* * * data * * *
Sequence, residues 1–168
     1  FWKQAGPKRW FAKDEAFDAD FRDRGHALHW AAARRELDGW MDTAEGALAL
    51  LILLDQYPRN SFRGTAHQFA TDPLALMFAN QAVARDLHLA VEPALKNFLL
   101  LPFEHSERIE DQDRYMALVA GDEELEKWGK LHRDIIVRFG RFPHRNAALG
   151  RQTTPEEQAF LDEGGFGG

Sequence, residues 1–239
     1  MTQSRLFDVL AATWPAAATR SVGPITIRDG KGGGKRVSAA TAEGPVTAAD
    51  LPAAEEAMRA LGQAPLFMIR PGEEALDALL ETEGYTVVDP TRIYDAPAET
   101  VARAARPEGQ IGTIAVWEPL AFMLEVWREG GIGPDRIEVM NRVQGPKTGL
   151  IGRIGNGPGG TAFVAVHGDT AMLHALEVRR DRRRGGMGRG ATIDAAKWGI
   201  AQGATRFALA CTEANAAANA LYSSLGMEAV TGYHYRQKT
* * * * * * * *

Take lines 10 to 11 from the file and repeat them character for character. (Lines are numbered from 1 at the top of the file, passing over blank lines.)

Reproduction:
   151  IGRIGNGPGG TAFVAVHGDT AMLHALEVRR DRRRGGMGRG ATIDAAKWGI
   201  AQGATRFALA CTEANAAANA LYSSLGMEAV TGYHYRQKT